December 28, 2021
5 / 5
4.5 / 5
Benjamin Cleary’s ‘Swan Song’: Poetry for the Heart, Soul, and Consciousness: A Review
**Some spoilers included**
Filmmaker Benjamin Cleary uses an economy of language, colors, sounds to weave his futuristic tale of love, loss, and regeneration in Swan Song. It is a poem, lament, and dirge—this labyrinthine journey—our only clues: facial expressions, whispers, and random but soothing retrospectives. We're riding on the train with Cameron Turner (Mahershala Ali) and quickly understand its destination. Cameron, wearing expensive tortoiseshell frames, nose stud, and a skull cap, sketches a haunting image of a man falling gracefully but helplessly from the sky near a bridge. He pauses, drawing to converse with an AI-powered crew member--a slick-looking motorized cart that guesses his order: oat milk latte, no sugar. Cameron also requests an "Echo Bar" (a chocolate bar in a lavender wrapper), which becomes the bridge to his future. An effervescent Poppy (Naomie Harris), whose face lights up the screen, sits across from him, dialoguing, between French and English, with someone; fervently protecting her brother’s sensitivity. We learn much about them both in this scene without barely a word uttered. And considering the definition of echo, which includes “something similar to something that happened or existed before,” Cleary offers many clues in this opening stanza.
Swan Song is a speculative tale that creates a world where literal duplicity is possible. Cleary has Cameron weigh the ultimate sacrifice: not saying goodbye to our loved ones to spare their grief. Is regeneration morally right? Is he willing to die alone, knowing they are none the wiser? These questions and the narrative surrounding them almost disguise the sci-fi nature of the film. Driverless cars, AI, and organ replication are believable and, in some form, possible now. So, it is almost conceivable that a human being could twin itself one day. Cleary doesn't ask us to contend with monsters under the bed or a disappearing hero (though I loved his idea of a 3D emoticon that speaks in our voice and then goes poof!). He makes us think deeply about how much and how selflessly we can love in all its versions: from romantic to familial, to self-love to eternal.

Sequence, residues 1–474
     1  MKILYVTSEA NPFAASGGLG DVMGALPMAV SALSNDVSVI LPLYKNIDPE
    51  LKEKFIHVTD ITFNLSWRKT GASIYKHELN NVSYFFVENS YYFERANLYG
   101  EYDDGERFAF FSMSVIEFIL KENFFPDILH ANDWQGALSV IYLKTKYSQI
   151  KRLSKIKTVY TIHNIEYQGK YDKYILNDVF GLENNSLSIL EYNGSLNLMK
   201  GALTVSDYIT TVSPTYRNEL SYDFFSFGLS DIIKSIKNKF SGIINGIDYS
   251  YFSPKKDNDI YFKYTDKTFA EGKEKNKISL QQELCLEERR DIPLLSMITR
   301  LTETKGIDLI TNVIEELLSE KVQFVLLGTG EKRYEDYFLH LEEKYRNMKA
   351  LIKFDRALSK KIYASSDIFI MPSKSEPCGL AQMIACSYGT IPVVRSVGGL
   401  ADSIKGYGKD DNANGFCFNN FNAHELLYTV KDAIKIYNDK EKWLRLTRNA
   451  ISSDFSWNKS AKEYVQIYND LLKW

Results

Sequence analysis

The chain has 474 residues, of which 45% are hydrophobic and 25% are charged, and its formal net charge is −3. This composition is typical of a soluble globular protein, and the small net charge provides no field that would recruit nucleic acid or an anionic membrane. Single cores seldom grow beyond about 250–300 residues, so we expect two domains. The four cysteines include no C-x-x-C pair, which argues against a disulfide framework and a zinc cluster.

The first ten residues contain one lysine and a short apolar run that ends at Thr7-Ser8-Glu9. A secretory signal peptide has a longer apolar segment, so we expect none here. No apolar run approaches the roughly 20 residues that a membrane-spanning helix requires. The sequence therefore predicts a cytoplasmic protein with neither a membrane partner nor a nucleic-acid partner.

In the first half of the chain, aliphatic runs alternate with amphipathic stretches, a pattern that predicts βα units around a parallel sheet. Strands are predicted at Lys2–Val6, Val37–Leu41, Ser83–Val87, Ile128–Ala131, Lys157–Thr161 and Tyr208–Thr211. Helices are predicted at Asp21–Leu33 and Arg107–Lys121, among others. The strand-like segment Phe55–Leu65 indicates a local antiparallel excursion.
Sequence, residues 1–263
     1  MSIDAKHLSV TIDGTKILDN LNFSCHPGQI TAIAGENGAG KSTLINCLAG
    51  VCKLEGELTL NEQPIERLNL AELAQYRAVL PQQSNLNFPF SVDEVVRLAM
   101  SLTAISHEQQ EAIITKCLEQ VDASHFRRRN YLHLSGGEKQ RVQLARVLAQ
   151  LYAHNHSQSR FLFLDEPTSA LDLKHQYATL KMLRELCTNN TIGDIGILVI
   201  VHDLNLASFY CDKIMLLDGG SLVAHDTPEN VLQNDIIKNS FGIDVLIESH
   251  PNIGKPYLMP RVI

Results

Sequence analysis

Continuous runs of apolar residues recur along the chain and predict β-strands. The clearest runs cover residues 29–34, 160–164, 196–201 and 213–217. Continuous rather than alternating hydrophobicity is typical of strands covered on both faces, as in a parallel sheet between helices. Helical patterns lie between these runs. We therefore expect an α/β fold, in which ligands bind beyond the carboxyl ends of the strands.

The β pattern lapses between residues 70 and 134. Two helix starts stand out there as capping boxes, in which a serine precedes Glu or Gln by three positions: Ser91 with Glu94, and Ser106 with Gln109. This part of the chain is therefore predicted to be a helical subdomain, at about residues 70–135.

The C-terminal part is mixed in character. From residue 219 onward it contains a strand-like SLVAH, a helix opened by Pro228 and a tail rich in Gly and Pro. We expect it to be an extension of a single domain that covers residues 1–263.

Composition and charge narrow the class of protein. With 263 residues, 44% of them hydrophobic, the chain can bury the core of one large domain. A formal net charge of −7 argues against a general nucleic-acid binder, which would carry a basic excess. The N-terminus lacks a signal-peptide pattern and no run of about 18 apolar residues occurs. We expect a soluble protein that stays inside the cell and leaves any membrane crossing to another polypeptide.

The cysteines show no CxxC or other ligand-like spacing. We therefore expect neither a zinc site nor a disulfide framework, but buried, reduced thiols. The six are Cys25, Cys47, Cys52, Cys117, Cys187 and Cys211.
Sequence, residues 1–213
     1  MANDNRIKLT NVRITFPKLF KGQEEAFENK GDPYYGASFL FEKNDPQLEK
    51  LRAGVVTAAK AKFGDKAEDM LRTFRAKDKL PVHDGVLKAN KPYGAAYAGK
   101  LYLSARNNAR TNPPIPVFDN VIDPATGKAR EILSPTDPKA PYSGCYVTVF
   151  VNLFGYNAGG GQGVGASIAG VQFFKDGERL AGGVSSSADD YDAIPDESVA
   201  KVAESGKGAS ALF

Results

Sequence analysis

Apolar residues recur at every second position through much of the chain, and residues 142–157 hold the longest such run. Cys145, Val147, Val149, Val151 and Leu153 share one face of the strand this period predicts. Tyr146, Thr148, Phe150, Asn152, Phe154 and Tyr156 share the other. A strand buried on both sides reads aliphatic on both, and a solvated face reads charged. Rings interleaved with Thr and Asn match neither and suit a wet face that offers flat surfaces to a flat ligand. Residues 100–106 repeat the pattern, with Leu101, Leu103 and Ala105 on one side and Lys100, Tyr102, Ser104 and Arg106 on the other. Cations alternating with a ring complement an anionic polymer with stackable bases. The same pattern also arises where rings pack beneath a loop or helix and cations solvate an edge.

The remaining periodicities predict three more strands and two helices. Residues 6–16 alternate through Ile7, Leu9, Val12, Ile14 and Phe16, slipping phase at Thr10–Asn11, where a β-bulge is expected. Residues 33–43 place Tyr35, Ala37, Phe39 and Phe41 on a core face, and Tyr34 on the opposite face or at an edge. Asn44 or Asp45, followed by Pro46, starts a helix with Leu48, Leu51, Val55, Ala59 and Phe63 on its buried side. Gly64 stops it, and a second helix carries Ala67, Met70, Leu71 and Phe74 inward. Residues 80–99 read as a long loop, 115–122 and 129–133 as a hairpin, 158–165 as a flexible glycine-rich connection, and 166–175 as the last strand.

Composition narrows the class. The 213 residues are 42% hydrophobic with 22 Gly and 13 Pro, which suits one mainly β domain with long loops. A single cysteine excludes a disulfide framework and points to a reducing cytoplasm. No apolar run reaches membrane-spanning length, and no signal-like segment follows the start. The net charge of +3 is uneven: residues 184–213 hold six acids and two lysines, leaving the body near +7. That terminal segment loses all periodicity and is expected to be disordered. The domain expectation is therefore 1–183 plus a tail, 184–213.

Cameron is given opportunities to weigh this question with others in on his secret, like Dr. Jo Scott (Glenn Close), the mastermind behind the cloning. Close’s genius creates Scott, a not quite mad scientist, in only a handful of scenes. She balances anxiety for her experiment's success and a sympathetic ear for the emotions that Cameron and Jack (Ali), his clone, experience in their subdued battle of wills. Another patient, Kate (Awkwafina), is a mentor for Cameron to help him consider moving beyond his guilt of lying to protect his loved ones. Though acerbic, Kate’s wit is a breathing space needed between the heaviness. It gives room, even for Cameron, to show a side of himself rarely seen—his ability to be silly.
Swan Song is gentle; Cameron's quietude: his voice, tone, the whir of the driverless car that drops him off, how he checks on his sleeping son, Cory (Dax Rey), then Poppy. We are lulled by the ease between them, pulled into the possibilities of a future. But the muted colors, bareness, thick and lonely forest clue us in—this present moment with Cameron has a limited tenure. We are given insight into why his decision was within the realm of integrity. In one scene, Poppy states if regeneration brought her mother back, then “screw the ethics,” that if she couldn't tell, she’d “take that.” In a later memory, she’s playing “Sometimes It Snows in April,” the elegiac song Prince originally recorded 31 years (to the day) before his death. Poppy, a music teacher for children with learning difficulties, emerging from a year of grief after the loss of her twin brother, Andre (Nyasha Hatendi), ends the song: “Sometimes I wish that life was never-ending / But all good things, they say, never last / And love, it isn't [hard] until it's past.
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